MEXICO CITY, (Reuters) – Mexico pitched a number of tax incentives on Monday to entice companies into investing in a corridor of business that the President Andres Manual Lopez Obrador hopes to develop in a southern Isthmus as a way of competing with Panama Canal.
Finance Ministry said that companies investing in the Inter-Oceanic Corridor, which connects the Pacific port of Salina Cruz (Oaxaca) with the Gulf Coast hub of Coatzacoalcos (Veracruz), will not be required to pay income taxes during the first three years they are in operation.
The ministry announced that companies would only pay half the usual income tax for the next three years. They could also get a 90% discount if they meet certain employment goals.
These measures include an accelerated depreciation for investments in the first six months of operation.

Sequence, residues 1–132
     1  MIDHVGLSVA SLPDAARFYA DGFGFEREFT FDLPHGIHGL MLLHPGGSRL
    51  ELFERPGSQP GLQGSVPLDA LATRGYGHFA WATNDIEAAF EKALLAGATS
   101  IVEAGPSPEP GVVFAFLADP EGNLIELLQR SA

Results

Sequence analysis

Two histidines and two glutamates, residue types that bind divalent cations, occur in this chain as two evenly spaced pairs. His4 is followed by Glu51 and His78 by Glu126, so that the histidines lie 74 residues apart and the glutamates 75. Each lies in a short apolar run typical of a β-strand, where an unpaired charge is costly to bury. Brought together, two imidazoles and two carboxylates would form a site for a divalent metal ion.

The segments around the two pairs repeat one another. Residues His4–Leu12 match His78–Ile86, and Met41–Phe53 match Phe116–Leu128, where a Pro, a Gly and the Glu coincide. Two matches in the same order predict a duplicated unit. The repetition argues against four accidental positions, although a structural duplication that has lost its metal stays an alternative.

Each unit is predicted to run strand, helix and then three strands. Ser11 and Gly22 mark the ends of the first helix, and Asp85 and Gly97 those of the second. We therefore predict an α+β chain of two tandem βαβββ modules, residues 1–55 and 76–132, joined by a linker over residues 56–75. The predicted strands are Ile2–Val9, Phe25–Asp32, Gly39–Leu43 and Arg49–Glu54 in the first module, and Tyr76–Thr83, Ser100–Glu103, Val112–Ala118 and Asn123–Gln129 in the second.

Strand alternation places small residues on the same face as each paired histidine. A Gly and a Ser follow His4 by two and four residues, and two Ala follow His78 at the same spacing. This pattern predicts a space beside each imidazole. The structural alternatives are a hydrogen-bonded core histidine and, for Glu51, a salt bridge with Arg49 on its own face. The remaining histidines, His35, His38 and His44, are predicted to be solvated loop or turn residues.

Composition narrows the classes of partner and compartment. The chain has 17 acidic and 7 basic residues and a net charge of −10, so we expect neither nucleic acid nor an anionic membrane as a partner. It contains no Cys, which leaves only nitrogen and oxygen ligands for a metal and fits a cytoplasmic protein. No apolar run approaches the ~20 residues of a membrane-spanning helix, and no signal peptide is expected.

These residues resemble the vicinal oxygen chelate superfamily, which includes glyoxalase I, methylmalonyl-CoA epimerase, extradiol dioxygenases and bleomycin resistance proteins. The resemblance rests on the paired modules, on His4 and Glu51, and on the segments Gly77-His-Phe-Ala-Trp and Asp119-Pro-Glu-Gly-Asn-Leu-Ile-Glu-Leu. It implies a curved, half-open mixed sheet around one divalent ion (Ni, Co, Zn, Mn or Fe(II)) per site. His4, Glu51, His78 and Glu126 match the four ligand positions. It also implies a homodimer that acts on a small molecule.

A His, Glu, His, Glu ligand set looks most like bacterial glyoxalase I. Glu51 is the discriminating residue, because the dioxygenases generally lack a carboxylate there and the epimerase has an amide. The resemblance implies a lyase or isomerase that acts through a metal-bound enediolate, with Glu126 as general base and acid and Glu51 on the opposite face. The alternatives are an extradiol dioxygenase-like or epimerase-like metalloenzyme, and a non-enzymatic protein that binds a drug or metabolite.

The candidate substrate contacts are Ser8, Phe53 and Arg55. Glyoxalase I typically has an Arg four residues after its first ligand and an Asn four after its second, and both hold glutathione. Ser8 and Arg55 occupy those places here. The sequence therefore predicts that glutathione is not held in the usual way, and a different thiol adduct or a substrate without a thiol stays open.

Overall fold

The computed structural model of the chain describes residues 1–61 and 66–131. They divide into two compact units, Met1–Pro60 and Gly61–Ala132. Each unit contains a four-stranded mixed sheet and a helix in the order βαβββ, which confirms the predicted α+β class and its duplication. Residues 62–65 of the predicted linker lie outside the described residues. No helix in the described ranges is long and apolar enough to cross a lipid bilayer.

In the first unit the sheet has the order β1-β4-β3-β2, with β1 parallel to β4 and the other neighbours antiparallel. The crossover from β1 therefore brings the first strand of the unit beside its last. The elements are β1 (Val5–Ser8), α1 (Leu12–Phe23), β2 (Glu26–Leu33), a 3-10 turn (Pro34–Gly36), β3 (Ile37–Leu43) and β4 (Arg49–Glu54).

The ministry announced that businesses conducting business in the corridor would be exempted from value added tax (VAT) and can claim VAT back from purchases outside the zone.
The government is planning to build 10 industrial park along the corridor as part of Lopez-Obrador's efforts to create jobs and boost the economy in Mexico's poorer southern region.
Lopez Obrador announced last week that a tender to build industrial parks across the Isthmus of Tehuantepec will be launched by mid-June.